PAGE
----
Recall the story of Barry Hazle Jr., a man convicted for possession of meth back in 2007:
Barry A. Hazle Jr., 46, served time for a conviction of methamphetamine possession in 2007. As a condition of his parole, he was enrolled in a drug treatment program where participants were required to acknowledge a “higher power,” according to the Sacramento Bee.
Hazle complained and asked for a different treatment program, but was told the only option in his area was the faith-based, Westcare 12-step program, according to the Record Searchlight.
Hazle was sent back to jail for more than three months for allegedly being “disruptive, though in a congenial way, to the staff as well as other students” and being “sort of passive-aggressive,” the paper reported.
While our prison system is allowed, even encouraged to rehabilitate prisoners, prisons and their employees are still a part of the government and the government can’t use its authority to endorse religion. That’s exactly what it’s doing here under the guise of rehabilitation (especially since 12-step programs don’t work). So work to rehabilitate inmates. Go nuts. No sensible person, myself included, opposes this. Get people like Hazle of Meth. But forcing them into a situation where they have to nod to religion is not rehabilitating, it’s violating their rights.
Hazle subsequently filed a lawsuit and, unsurprisingly, won. But the jury didn’t award him any compensation for the three months he spent in prison essentially because he wouldn’t lie about his beliefs regarding a higher power. In short, winning the lawsuit looked exactly like losing the lawsuit. The message was that he was wronged by the government, but suck it up.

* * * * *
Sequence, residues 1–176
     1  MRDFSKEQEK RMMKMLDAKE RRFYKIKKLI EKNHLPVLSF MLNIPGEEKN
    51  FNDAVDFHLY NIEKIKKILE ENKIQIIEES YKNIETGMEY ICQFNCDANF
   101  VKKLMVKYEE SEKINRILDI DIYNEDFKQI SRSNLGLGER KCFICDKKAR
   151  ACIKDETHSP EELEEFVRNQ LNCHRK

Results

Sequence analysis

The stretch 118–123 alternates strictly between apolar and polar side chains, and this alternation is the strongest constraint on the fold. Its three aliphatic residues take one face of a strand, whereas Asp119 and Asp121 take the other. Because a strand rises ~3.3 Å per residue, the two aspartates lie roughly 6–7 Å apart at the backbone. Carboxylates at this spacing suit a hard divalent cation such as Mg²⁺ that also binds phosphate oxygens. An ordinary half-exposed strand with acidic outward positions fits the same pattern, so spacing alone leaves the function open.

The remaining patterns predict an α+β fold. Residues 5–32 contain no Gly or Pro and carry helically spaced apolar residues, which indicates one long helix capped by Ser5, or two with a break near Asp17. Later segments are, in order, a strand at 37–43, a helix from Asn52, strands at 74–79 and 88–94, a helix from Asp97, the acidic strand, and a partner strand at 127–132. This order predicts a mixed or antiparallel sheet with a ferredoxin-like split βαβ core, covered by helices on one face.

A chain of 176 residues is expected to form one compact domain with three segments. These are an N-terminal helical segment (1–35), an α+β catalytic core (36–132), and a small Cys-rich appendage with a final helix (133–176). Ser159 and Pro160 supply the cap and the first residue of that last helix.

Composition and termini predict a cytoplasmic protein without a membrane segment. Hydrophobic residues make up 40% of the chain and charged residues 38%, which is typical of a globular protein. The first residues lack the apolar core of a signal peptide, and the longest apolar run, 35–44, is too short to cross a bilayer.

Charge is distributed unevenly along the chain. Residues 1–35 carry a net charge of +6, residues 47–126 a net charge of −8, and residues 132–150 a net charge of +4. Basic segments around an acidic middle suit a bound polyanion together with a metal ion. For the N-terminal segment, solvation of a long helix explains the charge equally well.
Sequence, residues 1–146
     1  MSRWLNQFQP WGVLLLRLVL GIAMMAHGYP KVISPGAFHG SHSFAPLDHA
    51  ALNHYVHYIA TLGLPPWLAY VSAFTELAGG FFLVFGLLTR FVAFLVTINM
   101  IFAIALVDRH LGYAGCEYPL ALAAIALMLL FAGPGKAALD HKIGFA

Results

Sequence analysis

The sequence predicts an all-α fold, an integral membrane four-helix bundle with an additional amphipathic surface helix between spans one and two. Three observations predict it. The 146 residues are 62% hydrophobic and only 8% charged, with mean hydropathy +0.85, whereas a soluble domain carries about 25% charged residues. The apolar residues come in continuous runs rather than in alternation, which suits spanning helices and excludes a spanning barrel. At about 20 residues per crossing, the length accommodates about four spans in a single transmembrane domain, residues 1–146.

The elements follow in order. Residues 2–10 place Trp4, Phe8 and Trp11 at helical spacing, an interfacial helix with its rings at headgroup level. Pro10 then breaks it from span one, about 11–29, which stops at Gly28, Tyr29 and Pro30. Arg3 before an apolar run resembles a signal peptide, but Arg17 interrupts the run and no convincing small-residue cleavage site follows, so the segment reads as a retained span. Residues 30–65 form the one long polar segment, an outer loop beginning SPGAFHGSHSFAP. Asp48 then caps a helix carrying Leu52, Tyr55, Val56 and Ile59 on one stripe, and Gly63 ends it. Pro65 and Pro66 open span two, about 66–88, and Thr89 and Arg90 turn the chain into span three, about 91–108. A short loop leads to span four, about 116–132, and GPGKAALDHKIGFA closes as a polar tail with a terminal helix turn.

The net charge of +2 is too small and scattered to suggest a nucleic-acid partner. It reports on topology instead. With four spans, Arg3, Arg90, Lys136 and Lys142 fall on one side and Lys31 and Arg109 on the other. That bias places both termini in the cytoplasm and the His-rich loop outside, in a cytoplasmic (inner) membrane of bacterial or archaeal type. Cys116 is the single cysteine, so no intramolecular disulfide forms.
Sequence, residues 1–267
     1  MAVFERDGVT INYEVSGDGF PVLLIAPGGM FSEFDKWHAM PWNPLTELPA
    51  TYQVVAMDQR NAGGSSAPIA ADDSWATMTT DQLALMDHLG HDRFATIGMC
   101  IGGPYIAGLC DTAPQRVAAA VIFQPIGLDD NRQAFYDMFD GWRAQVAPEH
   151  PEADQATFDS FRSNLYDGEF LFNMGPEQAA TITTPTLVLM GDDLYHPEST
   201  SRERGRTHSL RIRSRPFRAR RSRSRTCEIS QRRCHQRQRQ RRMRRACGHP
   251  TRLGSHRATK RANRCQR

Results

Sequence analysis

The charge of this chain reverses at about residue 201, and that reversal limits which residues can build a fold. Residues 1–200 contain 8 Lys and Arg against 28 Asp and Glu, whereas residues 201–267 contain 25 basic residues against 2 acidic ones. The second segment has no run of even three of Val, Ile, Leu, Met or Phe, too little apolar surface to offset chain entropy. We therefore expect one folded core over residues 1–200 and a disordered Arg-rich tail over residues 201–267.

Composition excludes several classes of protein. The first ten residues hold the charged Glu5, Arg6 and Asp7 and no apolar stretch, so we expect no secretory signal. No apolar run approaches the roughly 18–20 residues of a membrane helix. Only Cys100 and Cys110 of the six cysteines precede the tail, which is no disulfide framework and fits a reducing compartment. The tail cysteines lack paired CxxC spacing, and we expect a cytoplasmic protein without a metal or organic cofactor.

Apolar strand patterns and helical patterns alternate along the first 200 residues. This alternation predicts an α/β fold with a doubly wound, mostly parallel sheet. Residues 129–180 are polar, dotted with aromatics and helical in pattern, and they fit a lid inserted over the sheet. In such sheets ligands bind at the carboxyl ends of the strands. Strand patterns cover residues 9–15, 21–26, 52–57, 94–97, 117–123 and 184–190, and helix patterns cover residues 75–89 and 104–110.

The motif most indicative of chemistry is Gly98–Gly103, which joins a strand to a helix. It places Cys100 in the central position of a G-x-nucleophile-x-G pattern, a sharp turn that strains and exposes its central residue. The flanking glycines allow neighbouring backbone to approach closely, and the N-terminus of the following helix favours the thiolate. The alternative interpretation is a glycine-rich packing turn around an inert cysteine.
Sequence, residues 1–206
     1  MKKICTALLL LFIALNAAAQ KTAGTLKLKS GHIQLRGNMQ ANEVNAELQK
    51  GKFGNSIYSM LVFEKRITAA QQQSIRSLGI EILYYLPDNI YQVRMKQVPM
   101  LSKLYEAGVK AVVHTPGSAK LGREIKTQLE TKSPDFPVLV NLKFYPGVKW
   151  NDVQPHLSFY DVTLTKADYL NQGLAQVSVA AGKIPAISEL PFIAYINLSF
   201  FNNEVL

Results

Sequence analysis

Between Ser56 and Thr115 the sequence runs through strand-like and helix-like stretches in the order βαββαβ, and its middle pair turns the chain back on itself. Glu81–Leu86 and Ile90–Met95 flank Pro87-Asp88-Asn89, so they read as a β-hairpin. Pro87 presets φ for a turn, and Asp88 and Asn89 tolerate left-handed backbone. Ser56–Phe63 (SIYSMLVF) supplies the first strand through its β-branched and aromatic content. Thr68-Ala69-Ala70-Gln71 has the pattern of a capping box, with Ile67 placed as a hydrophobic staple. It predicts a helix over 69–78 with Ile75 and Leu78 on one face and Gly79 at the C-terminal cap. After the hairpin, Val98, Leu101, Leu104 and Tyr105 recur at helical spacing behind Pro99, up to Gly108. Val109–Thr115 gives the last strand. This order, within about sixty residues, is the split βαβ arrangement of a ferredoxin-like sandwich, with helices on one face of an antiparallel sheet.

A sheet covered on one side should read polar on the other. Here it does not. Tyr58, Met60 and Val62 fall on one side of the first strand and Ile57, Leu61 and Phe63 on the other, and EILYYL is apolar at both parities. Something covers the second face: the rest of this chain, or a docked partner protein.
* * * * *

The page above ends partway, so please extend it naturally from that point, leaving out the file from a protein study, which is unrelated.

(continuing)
The 9th Circuit has now said that’s not acceptable…to the tune of nearly two million dollars:
The 9th U.S. Circuit Court of Appeals then threw out the decision. In a unanimous ruling, the three-judge panel said Hazle was entitled to compensation.
“The jury’s verdict, which awarded Hazle no compensatory damages at all for his loss of liberty, cannot be upheld,” Judge Stephen Reinhardt wrote in the court’s opinion. “The jury simply was not entitled to refuse to award any damages for Hazle’s undisputable — and undisputed — loss of liberty, and its verdict to the contrary must be rejected.”
The state of California will pay Hazle $1 million, while Westcare will pay $925,000under terms of the settlement, according to KRCR-TV.
If people acknowledge god it needs to be their choice free of coercion (beyond the usual threats of hell issued by the faithful for noncompliance) not a compunction of the government. That’s a real and transparent threat to religious liberty. So you know exactly who will wonder what the big deal is: the same people who are always pissing and moaning about how religious liberty is under attack in this country.